A Sandwich Tour of Latin and South America
Though I’ve studied Spanish for more than 10 years, I had surprisingly never had an arepa until recently. The pita-like cornmeal breads are common in South America, and often stuffed with some combination of cheese, guacamole, chicken, shredded beef and veggies.
To introduce me to the world of Venezuelan arepas (and to see me before she left for Costa Rica, lucky) Mili suggested we go to Caracas Arepas for dinner on Thursday. The restaurant is kind of a hole in the wall, but it was packed to the brim — with a line out the door — for the softball-sized sandwiches. I got the Reina Pepiada, a very traditional arepa according to the waitress, which came with shredded chicken and an avocado salad. I’m not a huge fan of avocados, but it was pretty good.
The winner on the menu was the tinto de verano, a wine and lemonade concoction that we used to drink in Madrid. It’s very popular in the Andalucía region of southern Spain, and apparently, in Venezuelan restaurants in NYC.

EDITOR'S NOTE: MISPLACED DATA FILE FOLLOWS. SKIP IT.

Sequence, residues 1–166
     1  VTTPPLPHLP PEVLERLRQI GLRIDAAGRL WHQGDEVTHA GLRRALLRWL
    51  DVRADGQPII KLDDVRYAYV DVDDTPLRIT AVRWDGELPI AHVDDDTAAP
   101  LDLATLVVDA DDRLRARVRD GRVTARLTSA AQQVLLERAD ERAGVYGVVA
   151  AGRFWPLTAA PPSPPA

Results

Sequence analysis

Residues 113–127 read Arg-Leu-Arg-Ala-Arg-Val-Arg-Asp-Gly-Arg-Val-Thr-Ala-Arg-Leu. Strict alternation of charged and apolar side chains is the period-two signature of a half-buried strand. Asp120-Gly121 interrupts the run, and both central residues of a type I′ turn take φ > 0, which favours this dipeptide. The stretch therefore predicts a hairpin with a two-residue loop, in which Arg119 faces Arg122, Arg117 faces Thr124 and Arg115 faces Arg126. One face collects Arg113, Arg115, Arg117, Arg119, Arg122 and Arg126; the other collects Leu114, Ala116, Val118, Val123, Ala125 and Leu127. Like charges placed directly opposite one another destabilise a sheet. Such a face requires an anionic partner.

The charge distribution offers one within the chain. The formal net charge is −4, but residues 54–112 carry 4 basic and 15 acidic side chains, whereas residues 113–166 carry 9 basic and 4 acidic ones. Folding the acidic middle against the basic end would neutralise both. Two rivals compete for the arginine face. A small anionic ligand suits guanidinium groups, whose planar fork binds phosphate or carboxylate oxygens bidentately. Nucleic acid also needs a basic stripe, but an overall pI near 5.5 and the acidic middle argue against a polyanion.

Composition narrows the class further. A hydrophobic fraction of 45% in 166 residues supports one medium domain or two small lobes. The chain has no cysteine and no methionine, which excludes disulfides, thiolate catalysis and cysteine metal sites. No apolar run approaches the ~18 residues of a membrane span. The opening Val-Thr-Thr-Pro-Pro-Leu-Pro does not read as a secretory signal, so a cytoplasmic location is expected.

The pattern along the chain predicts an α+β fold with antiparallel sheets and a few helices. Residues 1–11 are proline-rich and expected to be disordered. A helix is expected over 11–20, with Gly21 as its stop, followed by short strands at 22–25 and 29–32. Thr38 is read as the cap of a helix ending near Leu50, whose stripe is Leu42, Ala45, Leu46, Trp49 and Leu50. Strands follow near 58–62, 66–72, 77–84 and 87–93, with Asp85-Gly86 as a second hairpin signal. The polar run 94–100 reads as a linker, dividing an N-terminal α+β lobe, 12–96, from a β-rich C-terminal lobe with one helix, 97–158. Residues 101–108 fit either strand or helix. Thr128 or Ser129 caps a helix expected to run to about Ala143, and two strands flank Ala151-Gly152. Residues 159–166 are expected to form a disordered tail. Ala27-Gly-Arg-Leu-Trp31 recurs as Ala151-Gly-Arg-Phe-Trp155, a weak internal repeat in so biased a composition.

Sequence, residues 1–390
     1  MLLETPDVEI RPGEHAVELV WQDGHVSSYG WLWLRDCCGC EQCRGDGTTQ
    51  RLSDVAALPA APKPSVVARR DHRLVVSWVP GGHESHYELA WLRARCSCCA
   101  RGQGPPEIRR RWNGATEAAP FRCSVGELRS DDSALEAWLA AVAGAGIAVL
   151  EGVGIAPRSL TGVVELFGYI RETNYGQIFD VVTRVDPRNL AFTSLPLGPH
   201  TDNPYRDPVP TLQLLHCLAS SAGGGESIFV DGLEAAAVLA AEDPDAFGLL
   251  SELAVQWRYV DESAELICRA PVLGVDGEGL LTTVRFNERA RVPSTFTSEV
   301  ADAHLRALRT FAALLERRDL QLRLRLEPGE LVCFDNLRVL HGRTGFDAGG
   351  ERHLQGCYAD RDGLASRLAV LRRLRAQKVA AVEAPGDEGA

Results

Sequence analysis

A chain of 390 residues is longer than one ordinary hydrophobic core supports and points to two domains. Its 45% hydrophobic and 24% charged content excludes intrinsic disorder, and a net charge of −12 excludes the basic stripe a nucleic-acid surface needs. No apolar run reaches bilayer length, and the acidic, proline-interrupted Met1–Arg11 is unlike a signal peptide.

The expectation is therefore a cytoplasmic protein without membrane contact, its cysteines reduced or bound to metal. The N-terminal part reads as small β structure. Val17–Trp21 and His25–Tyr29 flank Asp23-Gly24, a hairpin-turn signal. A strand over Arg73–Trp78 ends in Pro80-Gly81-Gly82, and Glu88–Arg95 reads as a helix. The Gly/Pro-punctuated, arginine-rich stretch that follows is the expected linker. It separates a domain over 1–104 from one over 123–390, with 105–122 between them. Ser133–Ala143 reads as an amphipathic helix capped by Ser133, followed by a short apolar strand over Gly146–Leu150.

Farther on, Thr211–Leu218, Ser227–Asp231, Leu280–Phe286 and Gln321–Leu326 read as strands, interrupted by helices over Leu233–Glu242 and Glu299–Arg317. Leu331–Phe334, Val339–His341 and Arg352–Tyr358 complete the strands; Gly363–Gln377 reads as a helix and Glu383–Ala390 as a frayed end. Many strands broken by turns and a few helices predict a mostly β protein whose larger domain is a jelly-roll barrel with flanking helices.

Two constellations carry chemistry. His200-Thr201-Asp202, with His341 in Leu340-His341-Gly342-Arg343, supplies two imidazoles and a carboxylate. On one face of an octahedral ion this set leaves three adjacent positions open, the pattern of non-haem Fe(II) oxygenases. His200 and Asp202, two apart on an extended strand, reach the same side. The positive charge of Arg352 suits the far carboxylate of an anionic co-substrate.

The deliciousness of the arepas lingered on my tastebuds, so when Keith and I were looking up brunch places on Saturday, we picked Yerba Buena, in the West Village. They have a Lower East Side location too, but that was completely booked. When we got there, the arepas (chicken, scrambled eggs and avocado) looked good, but the Cuban sandwich, with BBQ pork, serrano ham, brie, pickles and chipotle mustard sounded better. In high school one of my best friends was Cuban, so I’ve had my fair share of amazing Cuban food. This sandwich came close, but was a little too pork-y for me. Keith’s burger was good though, and the shoestring fries with herbs were delish.
Our favorite parts of the meal were the manchego croquettes with pickled jalapeño. Everybody at the restaurant ordered them, and for good reason — they were little bites of tastiness. The orange juice was really nice too, freshly-squeezed and slightly sweet. It reminded me of the zumo I used to drink every morning in Spain!